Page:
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How It Ends by Laura Wiess

How It EndsHanna used to be an optimistic and cheerful girl, the kind who loved spending time with her aging neighbor Helen and looked for happy endings everywhere. Now, Hanna’s in high school, and all she wants is a life, particularly, a life including Seth. When she finally gets Seth, he’s not entirely who she thought he was, and their relationship isn’t the perfect one she thought it would be. Yet, despite the fighting and hurt, Hanna stays by Seth, because she hasn’t completely lost her faith in happy endings. But caring for her ill neighbor Helen for her school’s community service requirement might take care of that. Helen’s home isn’t the place of happiness it used to be in Hanna’s childhood, and the audiobook Hanna’s supposed to play for Helen is unsettling to say the least. Hanna gradually finds herself drawn into the book’s powerful love story until its shocking conclusion shakes her world and makes her question her own relationships and love itself.

How It Ends is a unique coming of age tale that explores the most fundamental human bonds. Wiess does an excellent job touching on all the different kinds of relationships people can have from family to friendship and beyond. It’s difficult to state exactly what Wiess has accomplished in this novel through that except for a few basics such as “there are good guys and bad guys” and “you eventually have to realize that a doomed relationship won’t work.” I also can’t really say if this is an ultimately happy or sad book because it has its share of sweet sections in addition to the depressing ones. As for the actual story, or stories I should say, I was drawn to both Hanna’s and Helen’s tales. There were the necessary ingredients like angst, mystery, and teenage rebellion to make Hanna’s story true to life, and I continually rooted for her despite her tendency to make poor decisions. I actually liked Helen’s story more than Hanna’s because it was slightly more interesting, but both their stories only prove that every relationship has its ups and downs, its good moments and bad. How It Ends as a novel is similar in that respect because there are passages that are boring as well as the sweetest moments that make the reader hope for the best.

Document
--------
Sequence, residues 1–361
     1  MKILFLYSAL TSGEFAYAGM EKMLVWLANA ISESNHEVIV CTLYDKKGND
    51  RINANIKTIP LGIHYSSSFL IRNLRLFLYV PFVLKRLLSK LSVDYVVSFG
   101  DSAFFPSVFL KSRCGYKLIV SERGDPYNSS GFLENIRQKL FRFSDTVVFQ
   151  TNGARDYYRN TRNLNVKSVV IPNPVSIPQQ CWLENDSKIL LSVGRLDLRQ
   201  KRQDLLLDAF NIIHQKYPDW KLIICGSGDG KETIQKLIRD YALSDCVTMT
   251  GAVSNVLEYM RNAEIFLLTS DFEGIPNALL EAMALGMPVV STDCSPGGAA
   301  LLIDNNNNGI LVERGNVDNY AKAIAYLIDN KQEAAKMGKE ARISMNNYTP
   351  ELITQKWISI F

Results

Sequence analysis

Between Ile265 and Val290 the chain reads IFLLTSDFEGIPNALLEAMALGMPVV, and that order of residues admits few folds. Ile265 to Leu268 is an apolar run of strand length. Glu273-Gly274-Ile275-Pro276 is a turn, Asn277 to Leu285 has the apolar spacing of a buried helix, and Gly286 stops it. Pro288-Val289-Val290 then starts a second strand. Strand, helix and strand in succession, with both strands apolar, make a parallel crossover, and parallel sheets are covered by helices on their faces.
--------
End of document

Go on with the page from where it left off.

How It Ends is a story that needs to be thought out and is not for readers looking for an immediately meaningful story. I recommend this novel to fans of A Little Friendly Advice by Siobhan Vivian, One Lonely Degree by C.K. Kelly Martin, Absolutely Maybe by Lisa Yee, and anything by Sarah Dessen or Deb Caletti.

Rating: 3.5

Review copy from publisher MTV Books

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